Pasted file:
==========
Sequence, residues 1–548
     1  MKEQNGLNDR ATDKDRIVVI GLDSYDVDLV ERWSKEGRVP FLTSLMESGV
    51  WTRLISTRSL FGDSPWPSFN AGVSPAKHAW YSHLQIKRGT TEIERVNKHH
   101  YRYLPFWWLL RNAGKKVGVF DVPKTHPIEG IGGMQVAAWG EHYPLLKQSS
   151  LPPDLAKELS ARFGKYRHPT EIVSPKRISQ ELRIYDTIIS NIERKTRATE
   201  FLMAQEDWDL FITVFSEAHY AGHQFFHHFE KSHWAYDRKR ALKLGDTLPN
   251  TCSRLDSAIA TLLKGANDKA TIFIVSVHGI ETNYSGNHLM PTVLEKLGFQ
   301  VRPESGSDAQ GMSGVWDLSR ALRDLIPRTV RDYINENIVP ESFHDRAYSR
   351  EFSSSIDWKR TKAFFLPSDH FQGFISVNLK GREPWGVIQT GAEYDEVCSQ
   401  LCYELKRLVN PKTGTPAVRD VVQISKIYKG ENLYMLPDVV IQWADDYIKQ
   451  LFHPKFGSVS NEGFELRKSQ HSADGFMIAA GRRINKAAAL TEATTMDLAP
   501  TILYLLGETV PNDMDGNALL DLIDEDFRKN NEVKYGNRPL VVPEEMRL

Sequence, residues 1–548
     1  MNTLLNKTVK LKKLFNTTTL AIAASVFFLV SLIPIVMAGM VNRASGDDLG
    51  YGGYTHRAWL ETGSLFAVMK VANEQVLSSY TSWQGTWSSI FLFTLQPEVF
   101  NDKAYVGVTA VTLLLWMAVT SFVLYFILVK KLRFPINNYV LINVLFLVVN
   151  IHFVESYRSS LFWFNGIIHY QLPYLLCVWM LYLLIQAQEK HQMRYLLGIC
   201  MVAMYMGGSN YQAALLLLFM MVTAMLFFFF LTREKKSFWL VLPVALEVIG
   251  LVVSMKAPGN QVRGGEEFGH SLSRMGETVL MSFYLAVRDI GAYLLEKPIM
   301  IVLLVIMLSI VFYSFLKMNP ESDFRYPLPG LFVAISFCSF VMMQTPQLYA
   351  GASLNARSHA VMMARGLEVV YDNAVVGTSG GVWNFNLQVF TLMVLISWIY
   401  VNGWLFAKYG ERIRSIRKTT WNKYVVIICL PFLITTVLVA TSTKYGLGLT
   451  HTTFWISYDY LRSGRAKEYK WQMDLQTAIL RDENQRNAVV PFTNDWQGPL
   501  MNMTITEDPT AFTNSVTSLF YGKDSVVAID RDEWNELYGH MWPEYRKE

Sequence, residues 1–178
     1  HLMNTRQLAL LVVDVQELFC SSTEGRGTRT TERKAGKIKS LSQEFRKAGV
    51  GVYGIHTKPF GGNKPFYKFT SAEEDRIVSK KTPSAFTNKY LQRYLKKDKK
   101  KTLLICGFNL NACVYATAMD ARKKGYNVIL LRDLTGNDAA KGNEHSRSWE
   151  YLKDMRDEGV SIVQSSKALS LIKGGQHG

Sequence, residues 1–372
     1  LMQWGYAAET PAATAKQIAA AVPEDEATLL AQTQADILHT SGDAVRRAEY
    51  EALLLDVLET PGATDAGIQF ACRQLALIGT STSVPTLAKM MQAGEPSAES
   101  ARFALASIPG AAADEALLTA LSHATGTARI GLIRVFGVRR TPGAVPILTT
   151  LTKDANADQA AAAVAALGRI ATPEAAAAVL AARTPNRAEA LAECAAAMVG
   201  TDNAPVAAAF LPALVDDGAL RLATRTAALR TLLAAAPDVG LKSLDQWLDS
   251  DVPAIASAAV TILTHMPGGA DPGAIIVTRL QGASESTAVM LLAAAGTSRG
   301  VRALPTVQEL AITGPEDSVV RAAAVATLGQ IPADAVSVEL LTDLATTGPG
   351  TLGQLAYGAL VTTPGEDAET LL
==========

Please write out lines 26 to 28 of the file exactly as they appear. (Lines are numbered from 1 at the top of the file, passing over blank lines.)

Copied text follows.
     1  HLMNTRQLAL LVVDVQELFC SSTEGRGTRT TERKAGKIKS LSQEFRKAGV
    51  GVYGIHTKPF GGNKPFYKFT SAEEDRIVSK KTPSAFTNKY LQRYLKKDKK
   101  KTLLICGFNL NACVYATAMD ARKKGYNVIL LRDLTGNDAA KGNEHSRSWE